Australian Bureau of Statistics
1301.0 - Year Book Australia, 2004
Previous ISSUE Released at 11:30 AM (CANBERRA TIME) 27/02/2004
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Exploration involves the search for new ore occurrences or undiscovered oil or gas, and/or appraisal intended to delineate or greatly extend the limits of known deposits of minerals or oil or gas reservoirs by geological, geophysical, geochemical, drilling or other methods. This includes construction of shafts and adits primarily for exploration purposes, but excludes activity of a developmental or production nature.
Most of the expenditure between 1997-98 and 2001-02 was related to exploration for gold, as shown in table 16.11. In this period, gold exploration expenditure accounted for 52-63% of total mineral exploration expenditure. Its decline from $648m to $331m (down 49%) was the main contributing factor to the fall in mineral exploration expenditure. The long-term decline in gold prices was the principal reason for the decrease in gold exploration expenditure. Expenditure on selected base metals also fell by $94m (42%) while expenditure on uranium fell by 61%, the largest fall recorded for this period. Exploration expenditure for mineral sands increased by 137%, growing steadily over the period.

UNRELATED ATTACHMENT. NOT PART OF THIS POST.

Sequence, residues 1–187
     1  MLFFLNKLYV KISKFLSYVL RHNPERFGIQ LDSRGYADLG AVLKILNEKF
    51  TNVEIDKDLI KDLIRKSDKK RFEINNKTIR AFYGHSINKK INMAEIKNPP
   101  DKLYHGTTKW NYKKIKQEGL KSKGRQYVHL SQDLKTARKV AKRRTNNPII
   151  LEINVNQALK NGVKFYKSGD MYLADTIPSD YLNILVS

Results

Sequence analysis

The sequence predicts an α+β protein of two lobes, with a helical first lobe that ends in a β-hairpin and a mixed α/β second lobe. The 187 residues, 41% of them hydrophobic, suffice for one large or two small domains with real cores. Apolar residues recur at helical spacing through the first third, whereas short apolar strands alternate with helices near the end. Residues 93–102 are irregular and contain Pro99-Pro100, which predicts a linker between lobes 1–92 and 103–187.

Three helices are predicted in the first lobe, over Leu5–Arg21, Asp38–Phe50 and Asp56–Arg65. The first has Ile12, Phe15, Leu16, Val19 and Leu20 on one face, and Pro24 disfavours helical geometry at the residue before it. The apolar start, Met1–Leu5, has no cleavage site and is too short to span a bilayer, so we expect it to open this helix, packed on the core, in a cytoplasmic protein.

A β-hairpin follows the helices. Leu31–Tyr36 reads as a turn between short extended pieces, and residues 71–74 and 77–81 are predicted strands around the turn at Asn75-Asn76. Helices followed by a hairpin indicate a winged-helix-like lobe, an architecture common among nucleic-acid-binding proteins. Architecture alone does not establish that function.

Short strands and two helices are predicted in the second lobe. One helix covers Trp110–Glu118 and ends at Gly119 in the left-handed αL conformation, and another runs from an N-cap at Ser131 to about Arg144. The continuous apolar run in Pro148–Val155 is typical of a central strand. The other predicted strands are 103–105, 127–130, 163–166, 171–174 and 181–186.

Table 16.12 shows the overseas exploration expenditure reported in the Minerals Industry Surveys undertaken by the Minerals Council of Australia (MCA) for 1997-98 to 2001-02. The surveys cover Australian mining companies, and some overseas controlled companies. Findings from these surveys indicate total overseas exploration expenditure by Australian businesses had been falling after reaching its peak in 1996-97 when $506m was spent. Between 1997-98 and 2001-02, expenditure fell by 71%. This mainly reflected the fall in exploration expenditure for gold and platinum which accounted for most of the overseas exploration expenditure in the earlier years. By 2001-02, expenditure overseas on gold and platinum exploration, was only 19% of the level achieved in 1997-98. Gold and platinum's share of total overseas exploration expenditure declined from 53% in 1997-98 to 34% in 2001-02, below base metals' share of 39%.
Over the period 1997-98 to 2001-02, expenditure on petroleum exploration fell by 3.9% ($36m) in spite of a sharp upsurge of 46% ($324m) in 2000-01 (table 16.13). This overall decline was due to a decrease in onshore expenditure of 29% ($68m). With offshore exploration expenditure increasing by 4.7%, onshore exploration's share of total expenditure fell from 25% in 1997-98 to 19% in 2001-02.
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